ix railway bridges have fallen in the last one and a half years in Mumbai but the government is stirring everything in the blame game. The bridge connecting the CSMT with the B.T. Lane near The Times of India Building and the Anjuman-e-Islam School was used by thousands of daily commuters rushing to catch the local trains on Central Railway and the Harbour Line. On March 14, a large part of the bridge came down and in this mishap, six people lost their lives and 33 were injured. Police registered cases against Brihanmumbai Municipal Corporation (BMC) and the Indian Railway officials charging them with culpable homicide. The Mumbai Police arrested the structural auditor of Brihanmumbai Municipal Corporation (BMC), Neeraj Kumar Desai, who apparently declared the Himalaya foot overbridge (FOB) safe for use in his audit report. His company had reportedly conducted a structural audit of the collapsed bridge. In protest with the arrest of engineers, other BMC engineers went on a mass leave from, May 9 for the next 15 days. The BMC authorities do not want to accept the fact that they are equally responsible for mishaps.
Six railway bridge accidents in two years – three of them resulting in deaths – have angered Mumbai about the state of its civic structure, the misery and fury over administrative negligence echoed on social media. A portion of a foot overbridge at the city’s busy Chhatrapati Shivaji Maharaj Terminus railway station collapsed killing six and injuring 33. The bridge was three decades old and had reportedly been declared fit for use in an audit carried out by the Brihanmumbai Municipal Corporation just six months ago. After the collapse, a blame game has begun between the Railways and Brihanmumbai Municipal Corporation, with each claiming the other was responsible for maintaining the bridge. Who should be blamed, the government agencies, the contractors or the BMC?
People are dying, accidents are happening, the PM is expanding his vocal cords and screaming about development and smart cities, bullet trains, and metro trains, but we do not have properly audited bridges in the city. No one has ever faced lawsuits over the collapse of these bridges. Moreover, any legal liability will depend on the results of ongoing investigations into the causes of the collapse, and it’s still too early to know who, if anyone, may be legally responsible for the disaster. Investigators will need to find out exactly what caused the collapse if it could have been prevented and who may have known the bridge could be dangerous. There has to be a thorough investigation to find out who’s at fault. The BMC has the primary responsibility for inspecting and maintaining the bridge, but their audits have announced that the bridges are safe to commute and they breakdown. However, they may not have to answer to their approach and corruptions. Maharashtra Chief Minister Devendra Fadnavis seeks inquiry and fulfills his duty by paying compensations.
This is not the first bridge that collapsed and inquiry is set, what happened to the previous bridges that collapsed and the inquiry conducted? If those inquiries and audits were done in time, perhaps such accidents could have been avoided.
Even earlier, the section of the Gokhale Bridge at the Andheri station in Mumbai collapsed following hours of unabated rain. The collapse of the bridge on SV road in the city, which connects Andheri East and Andheri West station, left at least five people injured. One of the injured, a woman named Asmita Katkar (35), succumbed to her injuries four days later at Mumbai’s RN Cooper Municipal General Hospital. A probe by the Commissioner of Railway Safety termed six Western Railway officials and the BMC as responsible for the incident. However, we can see none of them were booked or punished for negligence.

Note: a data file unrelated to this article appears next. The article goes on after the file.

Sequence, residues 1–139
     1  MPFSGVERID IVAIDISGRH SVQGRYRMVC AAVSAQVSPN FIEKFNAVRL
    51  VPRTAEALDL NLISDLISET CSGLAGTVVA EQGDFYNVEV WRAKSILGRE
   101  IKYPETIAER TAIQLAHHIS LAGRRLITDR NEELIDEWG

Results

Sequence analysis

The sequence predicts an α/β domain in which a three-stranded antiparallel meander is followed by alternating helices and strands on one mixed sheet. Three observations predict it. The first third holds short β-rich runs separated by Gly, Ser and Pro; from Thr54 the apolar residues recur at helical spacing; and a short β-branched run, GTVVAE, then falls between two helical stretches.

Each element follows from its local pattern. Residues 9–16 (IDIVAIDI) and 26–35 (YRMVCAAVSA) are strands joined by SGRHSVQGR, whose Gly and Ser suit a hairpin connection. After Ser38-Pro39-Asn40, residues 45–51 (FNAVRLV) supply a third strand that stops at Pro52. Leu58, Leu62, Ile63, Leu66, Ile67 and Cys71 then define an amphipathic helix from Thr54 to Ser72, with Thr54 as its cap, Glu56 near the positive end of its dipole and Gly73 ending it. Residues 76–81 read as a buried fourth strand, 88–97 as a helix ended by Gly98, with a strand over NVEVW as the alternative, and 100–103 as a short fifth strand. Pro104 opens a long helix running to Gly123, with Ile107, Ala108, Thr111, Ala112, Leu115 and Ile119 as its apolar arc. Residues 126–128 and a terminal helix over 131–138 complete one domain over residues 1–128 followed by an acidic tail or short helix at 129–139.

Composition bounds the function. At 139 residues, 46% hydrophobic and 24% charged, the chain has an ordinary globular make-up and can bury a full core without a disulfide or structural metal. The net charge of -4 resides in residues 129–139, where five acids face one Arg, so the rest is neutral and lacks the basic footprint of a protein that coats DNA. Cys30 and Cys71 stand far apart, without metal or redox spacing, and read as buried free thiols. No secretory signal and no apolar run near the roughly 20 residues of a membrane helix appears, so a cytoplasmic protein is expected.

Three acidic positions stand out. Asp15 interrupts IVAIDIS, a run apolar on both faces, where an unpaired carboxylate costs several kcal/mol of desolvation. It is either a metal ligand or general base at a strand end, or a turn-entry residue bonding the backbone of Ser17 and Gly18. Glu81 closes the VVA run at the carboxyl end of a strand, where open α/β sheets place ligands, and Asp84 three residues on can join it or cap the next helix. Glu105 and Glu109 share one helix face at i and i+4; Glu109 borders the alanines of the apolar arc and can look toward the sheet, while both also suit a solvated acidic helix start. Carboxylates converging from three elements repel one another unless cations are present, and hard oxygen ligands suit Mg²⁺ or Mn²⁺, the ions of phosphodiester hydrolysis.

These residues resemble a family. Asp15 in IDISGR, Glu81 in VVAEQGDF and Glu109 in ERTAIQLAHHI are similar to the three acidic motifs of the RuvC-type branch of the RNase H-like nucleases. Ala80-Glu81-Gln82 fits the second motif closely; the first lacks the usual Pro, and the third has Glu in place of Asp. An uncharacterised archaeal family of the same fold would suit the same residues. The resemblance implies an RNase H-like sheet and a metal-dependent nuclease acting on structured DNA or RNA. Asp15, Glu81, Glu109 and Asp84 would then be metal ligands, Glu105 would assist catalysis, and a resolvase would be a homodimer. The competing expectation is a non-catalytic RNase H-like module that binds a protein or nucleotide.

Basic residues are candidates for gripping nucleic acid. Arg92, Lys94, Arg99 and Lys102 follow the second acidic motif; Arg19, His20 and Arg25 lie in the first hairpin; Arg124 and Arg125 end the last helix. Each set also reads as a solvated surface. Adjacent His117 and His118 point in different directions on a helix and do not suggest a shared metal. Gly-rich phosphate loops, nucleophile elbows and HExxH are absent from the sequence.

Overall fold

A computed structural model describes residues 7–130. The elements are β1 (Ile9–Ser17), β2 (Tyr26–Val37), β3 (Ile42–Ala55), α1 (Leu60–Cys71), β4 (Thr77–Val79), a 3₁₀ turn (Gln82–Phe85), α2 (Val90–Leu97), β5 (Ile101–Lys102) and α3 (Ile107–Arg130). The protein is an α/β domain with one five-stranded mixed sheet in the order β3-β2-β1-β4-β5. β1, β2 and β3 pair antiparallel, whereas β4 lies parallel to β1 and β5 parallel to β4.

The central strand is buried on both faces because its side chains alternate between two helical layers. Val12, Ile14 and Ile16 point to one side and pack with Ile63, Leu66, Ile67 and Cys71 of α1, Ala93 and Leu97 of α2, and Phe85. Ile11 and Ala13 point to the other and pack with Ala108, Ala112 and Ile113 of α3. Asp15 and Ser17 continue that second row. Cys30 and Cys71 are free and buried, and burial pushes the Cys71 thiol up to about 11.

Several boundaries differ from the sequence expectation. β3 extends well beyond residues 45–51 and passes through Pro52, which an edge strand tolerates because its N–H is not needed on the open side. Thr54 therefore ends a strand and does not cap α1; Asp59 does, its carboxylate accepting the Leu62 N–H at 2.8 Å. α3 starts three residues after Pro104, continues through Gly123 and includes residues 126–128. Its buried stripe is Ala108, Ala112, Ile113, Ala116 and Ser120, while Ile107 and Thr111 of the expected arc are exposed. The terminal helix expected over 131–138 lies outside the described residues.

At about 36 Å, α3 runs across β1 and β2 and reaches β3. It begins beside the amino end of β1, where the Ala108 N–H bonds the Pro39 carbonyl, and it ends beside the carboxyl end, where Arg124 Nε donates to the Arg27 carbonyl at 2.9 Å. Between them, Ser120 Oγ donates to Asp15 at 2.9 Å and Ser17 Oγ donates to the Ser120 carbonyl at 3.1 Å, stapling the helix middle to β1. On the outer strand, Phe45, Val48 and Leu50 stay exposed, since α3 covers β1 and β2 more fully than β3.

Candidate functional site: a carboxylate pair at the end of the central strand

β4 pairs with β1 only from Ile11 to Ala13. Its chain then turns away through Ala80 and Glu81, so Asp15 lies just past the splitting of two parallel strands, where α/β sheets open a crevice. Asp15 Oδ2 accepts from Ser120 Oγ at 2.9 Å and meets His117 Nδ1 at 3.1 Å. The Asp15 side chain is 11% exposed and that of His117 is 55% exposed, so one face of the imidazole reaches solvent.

On October 15, 2017, one person sustained injuries after stairs of a foot-over bridge near Charni Road railway station crumbled. On September 29, 2017, at least 23 people were killed and 39 others were injured after a stampede broke out at the suburban Elphinstone Road railway station pedestrian bridge. The incident took place between the Parel railway station and Elphinstone Road railway station.
A probe panel, headed by Western Railway chief security officer, in its report to Western Railway General Manager Anil Kumar, said that the incident happened because of heavy rain, but none was blamed. How can rains collapse any structure?
On December 13, 2015, nine people were injured when a bridge collapsed in the suburban Malad area of Mumbai. The bridge connected Evershine Nagar in Malad to Malvani. Maharashtra accounted for the second-highest number of deaths (4,237) due to structural collapses between 2001 and 2015, according to the National Crime Records Bureau’s 2016 report. In total, at least 38,363 people lost their lives in as many as 37,514 incidents of the collapse of various structures during this period across the country. The types of structural collapses that the data records include: bridges, commercial buildings, dams, residential buildings, and others. As per the reports as many as 1,217 people died in incidents of bridge collapses throughout the country in these 15 years. The governments came and gone, political parties changed in power, let it be BJP or Congress its people who lost their lives and politicians lost their credibility by blaming each other. The infrastructure especially these overhead bridges are so old and smutty and the crowd in Mumbai growing by the day, this I fear will keep happening and poor Mumbaikars have no other option but to commute. Every such act of negligence by the government and civic authorities should be counted as state-sponsored murder of its citizens which makes one feel so angry and helpless. We use the local train and these stations daily and it’s impossible now to not feel paranoid.
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